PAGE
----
Patience is wearing thin for the Lheidli T'enneh, one year after the Enbridge natural gas pipeline explosion forced members into a hasty evacuation.
In a statement, Malcolm McPherson, the lawyer representing the First Nation in a lawsuit against the company, said the community is "no closer to any resolution or answers post explosion."
The Oct. 9, 2018 blast kicked up a fireball seen for kilometres, produced ground vibrations strong enough to rattled windows in nearby homes and the LTFN Band Office over two kilometers away and covered them in ashes.
In the lawsuit, filed in February, LTFN claims Enbridge provided inadequate communications and emergency response. As well as damages, the band is seeking an injunction ordering Enbridge to dismantle and remove the pipeline from LTFN territory.
About 139 kilometres of the so-called Transmission South pipeline traverses LTFN territory and 1.5 kilometres runs through the southwestern corner of the LTFN's Fort George No. 2 Indian Reserve.
"The community remains deeply traumatized by the explosion, and for good reason," McPherson said. "Enbridge claims to operate world class pipelines and emergency response systems, but Lheidli T'enneh has seen no evidence of this claim to date.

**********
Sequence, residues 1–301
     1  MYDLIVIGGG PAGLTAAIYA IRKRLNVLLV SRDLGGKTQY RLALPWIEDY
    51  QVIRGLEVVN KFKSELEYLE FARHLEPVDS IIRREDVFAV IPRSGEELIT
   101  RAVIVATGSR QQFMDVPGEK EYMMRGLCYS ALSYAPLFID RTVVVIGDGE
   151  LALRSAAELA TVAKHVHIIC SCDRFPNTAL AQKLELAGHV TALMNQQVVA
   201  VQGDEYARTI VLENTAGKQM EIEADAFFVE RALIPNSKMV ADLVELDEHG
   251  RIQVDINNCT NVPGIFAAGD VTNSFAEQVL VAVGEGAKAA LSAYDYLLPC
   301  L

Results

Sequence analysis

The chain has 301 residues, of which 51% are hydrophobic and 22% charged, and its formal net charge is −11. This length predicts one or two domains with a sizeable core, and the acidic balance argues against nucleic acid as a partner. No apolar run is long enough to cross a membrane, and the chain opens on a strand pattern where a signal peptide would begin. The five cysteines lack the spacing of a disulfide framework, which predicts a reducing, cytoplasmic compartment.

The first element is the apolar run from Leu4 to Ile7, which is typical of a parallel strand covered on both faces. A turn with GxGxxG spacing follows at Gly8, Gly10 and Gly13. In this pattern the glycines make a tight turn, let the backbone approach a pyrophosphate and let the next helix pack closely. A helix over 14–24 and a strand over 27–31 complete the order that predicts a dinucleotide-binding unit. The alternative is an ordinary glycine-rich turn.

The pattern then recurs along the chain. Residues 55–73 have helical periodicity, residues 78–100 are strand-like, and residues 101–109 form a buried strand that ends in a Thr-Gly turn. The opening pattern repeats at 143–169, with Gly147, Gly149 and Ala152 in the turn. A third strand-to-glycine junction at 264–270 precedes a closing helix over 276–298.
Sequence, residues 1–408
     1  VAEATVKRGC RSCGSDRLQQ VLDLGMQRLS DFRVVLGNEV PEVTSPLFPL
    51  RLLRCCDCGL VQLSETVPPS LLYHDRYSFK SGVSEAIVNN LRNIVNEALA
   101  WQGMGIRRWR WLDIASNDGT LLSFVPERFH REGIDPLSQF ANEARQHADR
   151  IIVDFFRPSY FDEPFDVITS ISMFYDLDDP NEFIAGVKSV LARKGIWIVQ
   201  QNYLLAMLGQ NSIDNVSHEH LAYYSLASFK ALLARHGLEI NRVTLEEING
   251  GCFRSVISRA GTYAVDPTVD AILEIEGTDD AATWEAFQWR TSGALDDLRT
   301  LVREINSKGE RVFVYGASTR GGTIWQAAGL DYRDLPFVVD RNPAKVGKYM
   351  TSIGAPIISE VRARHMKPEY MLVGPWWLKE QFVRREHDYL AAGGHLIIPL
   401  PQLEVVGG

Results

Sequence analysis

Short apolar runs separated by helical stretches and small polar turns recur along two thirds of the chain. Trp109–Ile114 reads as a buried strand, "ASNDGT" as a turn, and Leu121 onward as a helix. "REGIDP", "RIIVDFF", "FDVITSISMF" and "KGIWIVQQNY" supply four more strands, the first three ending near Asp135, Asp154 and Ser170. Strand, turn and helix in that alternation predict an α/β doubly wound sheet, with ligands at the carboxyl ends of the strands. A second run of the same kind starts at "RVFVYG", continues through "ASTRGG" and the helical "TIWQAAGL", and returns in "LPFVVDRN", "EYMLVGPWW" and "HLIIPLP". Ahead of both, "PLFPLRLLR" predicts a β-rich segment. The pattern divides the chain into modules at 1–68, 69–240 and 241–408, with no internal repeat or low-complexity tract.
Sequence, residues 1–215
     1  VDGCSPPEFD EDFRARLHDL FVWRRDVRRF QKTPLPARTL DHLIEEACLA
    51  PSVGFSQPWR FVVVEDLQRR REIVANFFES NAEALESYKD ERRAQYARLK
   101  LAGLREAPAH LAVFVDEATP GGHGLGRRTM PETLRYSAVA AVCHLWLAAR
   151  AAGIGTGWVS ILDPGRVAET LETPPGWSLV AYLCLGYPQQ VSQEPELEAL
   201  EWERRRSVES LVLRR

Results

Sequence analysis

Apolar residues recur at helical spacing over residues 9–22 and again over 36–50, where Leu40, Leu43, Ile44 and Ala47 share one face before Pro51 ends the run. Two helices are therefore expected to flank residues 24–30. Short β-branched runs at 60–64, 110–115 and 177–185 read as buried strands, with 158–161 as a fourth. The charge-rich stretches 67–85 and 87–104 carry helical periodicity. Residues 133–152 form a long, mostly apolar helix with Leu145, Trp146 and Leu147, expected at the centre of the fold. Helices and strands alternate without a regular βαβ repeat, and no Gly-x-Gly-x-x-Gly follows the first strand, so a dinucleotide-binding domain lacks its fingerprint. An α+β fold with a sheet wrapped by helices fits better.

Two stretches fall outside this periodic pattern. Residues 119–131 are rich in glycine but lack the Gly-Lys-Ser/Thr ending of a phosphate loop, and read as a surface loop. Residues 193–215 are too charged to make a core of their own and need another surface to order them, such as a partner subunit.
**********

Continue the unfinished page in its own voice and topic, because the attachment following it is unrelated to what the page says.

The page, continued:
"Further, Canada's Transportation Safety Board continues to fail to provide Lheidli T'enneh with assurances of safety and the integrity of the Enbridge pipeline system following the explosion."
In a statement, Enbridge officials said it has taken steps to "validate and improve the safety" of the system, including more frequent inspections and improved screening to evaluate and schedule maintenance work.
"While we have to wait for the Transportation Safety Board report, we are committed to fostering a strengthened relationship built on our shared priorities of safety, environmental protection and economic development.," officials added. "We have reached out to the LTFN to talk and remain open to sitting down and beginning a dialogue."
Transportation Safety Board communications director Rox-Anne D'Aoust said its investigation is ongoing but also noted Enbridge was issued a safety advisory in June after the agency found cracking in 37 metres of the pipe taken in for analysis.
It attributed the trouble to the polyethylene tape coating, saying it tends to separate from the pipe and allow moisture to contact the pipe and shield it from the cathodic protection current, an electromechanical system used to prevent corrosion.
About 500 kilometres of pipe in the Transmission South system is coated with the tape, based on company records, the TSB further states, and suggests the company review its management practices to ensure the risks are mitigated.
"Investigations are complex, and we take the time necessary to conduct a thorough investigation to advance transportation safety," D'Aoust said in an email. "Be assured that, if we uncover serious safety deficiencies during the course of our investigation, we will not wait until the final report to make them known."